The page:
Here are some of the most interesting digital marketing statistics we've seen this week.
Statistics include Twitter revenue, conversion rates, Facebook's Q3 earnings, ecommerce in the Nordics, use of Google Chrome and Halloween.
For more digital marketing stats, check out our Internet Statistics Compendium.
Over a quarter (28%) of companies are satisfied with their conversion rates (either 'very' or 'quite' satisfied), up by 6% since 2012 and the highest level since 2009.
Addtionally, around three-quarters (73%, up from 65% in 2012) indicate they have seen an improvement in conversion rates in the last 12 months
The fifth annual Conversion Rate Optimization Report, produced in association with RedEye, also found that the proportion of organisations who say they experienced an increase in sales conversion rates has significantly gone up, from 60% in 2012 to 70% this year.
The research, based on a survey of almost 1,000 client-side and agency digital marketers, revealed that A/B and multivariate testing, using multiple methods to improve conversion and having a structured approach are among the seven factors most correlated with improved conversion and sales...
Now that mobile access is essentially ubiquitous, the leading ecommerce sites have incorporated responsive website design to ensure a seamless user experience between devices.
However, the conversion rates on mobile continue to lag significantly, and now we are left to deliver on this next frontier of mobile.
We have to go undercover into shops, speak to sales staff, buy and try products and speak to customer service teams to uncover the objections our visitors face online.
When we delve into the offline world and go beyond surveys and analytics we can find out the hidden causes of abandonment online, remove them and improve our conversion rates.
Here are four simple techniques for finding those hidden gems...
Tablets accounted for almost one fifth (18%) of UK paid search clicks for retailers in 2012 compared to 13% on smartphone, according to a new report from Kenshoo.
Tablets also delivered 18.3% of conversions and 21.3% of revenue, while smartphones achieved just 3.6% of overall retail conversions from PPC and 3.4% of revenue.
Similarly, the conversion rate from smartphone visits is just 1.59% compared to 5.85% on tablet and 6.53% on desktop.
The report indicates that marketers aren’t yet making the most of the opportunity presented by tablets, as the devices account for 14.1% of ad spend at a CPC of £0.25, while desktop hoovers up 78.7% with a CPC of £0.36.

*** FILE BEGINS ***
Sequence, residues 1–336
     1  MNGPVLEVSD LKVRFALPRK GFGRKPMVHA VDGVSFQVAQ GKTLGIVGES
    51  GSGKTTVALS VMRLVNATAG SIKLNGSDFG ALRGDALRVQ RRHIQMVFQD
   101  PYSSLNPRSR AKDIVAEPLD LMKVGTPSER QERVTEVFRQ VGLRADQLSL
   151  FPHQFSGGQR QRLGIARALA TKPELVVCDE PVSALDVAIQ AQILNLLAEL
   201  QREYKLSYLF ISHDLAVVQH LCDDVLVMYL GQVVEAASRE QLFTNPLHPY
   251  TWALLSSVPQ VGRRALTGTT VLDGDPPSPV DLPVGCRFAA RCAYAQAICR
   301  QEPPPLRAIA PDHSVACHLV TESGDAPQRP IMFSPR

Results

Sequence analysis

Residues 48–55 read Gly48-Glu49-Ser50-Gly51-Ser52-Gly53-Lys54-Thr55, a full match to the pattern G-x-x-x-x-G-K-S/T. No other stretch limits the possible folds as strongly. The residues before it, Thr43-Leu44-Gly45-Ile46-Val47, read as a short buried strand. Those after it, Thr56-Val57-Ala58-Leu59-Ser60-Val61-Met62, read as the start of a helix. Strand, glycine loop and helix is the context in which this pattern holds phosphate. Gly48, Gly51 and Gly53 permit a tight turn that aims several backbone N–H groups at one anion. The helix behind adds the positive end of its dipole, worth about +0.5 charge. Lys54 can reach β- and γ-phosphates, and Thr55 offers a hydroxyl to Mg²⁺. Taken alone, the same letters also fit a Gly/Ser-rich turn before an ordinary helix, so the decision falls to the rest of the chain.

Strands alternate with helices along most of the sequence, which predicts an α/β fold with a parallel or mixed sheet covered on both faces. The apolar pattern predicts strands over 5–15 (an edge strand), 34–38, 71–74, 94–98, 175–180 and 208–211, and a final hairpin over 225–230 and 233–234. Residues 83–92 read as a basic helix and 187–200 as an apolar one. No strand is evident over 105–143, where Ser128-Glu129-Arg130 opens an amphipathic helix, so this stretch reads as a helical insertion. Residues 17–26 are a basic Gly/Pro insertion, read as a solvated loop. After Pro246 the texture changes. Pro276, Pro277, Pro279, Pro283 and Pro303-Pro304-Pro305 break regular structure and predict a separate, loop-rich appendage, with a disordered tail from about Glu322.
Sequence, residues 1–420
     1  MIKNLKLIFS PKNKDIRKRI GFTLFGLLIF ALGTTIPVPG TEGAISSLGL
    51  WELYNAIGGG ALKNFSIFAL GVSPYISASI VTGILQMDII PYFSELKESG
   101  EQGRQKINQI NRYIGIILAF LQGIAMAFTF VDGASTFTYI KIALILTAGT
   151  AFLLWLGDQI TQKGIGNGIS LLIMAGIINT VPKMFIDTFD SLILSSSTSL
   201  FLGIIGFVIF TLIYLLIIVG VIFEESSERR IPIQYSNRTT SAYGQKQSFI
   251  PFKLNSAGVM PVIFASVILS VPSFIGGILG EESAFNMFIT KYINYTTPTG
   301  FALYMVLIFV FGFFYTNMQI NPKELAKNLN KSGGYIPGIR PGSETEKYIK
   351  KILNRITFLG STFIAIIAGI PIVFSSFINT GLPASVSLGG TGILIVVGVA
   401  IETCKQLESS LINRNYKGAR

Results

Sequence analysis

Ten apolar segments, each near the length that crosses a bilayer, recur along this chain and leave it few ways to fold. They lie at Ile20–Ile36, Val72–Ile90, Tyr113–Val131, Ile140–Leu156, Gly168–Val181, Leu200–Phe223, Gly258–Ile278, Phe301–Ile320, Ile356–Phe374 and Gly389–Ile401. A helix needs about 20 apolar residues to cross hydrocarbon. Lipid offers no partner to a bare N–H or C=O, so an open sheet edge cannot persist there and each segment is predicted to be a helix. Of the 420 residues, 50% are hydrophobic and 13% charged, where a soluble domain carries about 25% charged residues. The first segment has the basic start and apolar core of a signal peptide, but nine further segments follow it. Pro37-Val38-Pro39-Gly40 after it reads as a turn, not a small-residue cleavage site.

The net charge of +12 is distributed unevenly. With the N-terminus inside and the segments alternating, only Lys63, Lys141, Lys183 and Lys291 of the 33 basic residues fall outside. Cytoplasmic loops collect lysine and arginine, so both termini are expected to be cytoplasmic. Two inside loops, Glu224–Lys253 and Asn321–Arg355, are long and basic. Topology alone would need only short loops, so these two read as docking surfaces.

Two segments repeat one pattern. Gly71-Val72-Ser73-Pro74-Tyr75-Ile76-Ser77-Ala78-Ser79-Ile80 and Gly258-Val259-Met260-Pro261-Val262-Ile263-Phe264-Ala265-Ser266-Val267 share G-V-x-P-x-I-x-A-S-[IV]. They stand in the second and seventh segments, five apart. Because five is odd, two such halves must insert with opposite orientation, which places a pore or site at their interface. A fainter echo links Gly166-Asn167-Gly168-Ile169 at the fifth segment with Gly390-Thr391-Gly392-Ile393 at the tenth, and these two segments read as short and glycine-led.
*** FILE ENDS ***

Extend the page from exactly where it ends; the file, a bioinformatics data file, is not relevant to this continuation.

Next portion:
Product videos are a great way to improve conversion rates online as they reassure the customer by helping them make an informed purchase decision.
One of the main problem with ecommerce is that you can’t hold the product in your hands before you buy it, which is why offering free returns is such a great selling point.
But video is also a great way to limit the impact of returns, as it gives customers a full view 360 degree of the product.
We've previously blogged best practice tips for ecommerce product videos, and recently looked at the rise of video in 2013.
With this in mind, here’s a round up of some stats showing how product videos have improved conversion rates for six online retailers...
Throughout 2012 we’ve seen numerous studies that highlight the massive difference between shopping behaviours on tablet and smartphones.
The usability of each device should make this obvious, yet they were often – and occasionally still are – lumped together in the mobile category when comparing sales and traffic stats to desktop computers.
This is despite the fact that data published by Adobe in May shows that one tablet generates as many website visits as four smartphones.
By the end of Q1 2012 smartphones accounted for 6.1% of site visits compared to 4.3% on tablet.
However, smartphones only maintain a greater share of website visits due to the lower penetration rate of tablets, with 5x more smartphones shipped across North America and Western Europe compared to tablets.
Smartphones and tablets have accounted for more than a quarter (28%) of the clicks on retail paid search ads so far this Christmas, according to data from Kenshoo.
The Kenshoo 2012 UK Online Retail Christmas Shopping Report - Early Edition, indicates that the share of clicks from personal computers is down to 72%, with tablets comprising 15% of all clicks and mobile phones accounting for 13%.
The data also shows that tablets drive the highest average order value at £85.55, followed by smartphone (£77.80) and desktop (£75.93).
However smartphone conversions lag way behind the other devices at just 1%, compared to 4.99% on tablet and 5.16% on desktop.
More companies are responding to mobile trends and designing websites for phones and tablets, but many are still not even testing how their sites look on mobile devices.
According to our fourth annual Conversion Rate Optimization Report, produced in association with RedEye, the proportion of organisations designing their websites specifically for mobile phones has increased from 25% to 35% since 2011.
However, the majority of organisations are still not designing their websites (61%) or conducting usability testing (55%) specifically for either mobile phones or tablets.
There are numerous studies that highlight how important site speed is for the user experience, but in truth it's something that should be obvious to everyone.
Nobody likes to wait ages for web pages to load, particularly when it's so easy to navigate to a competitor's site.
Yet page speed is still an issue for many website owners and they are potentially losing a huge amount of revenue as a result.
To shed more light on how slow site speed might be undermining not only the user experience on your site but also your conversion rates, I've compiled this useful list of case studies, stats, tips and tools...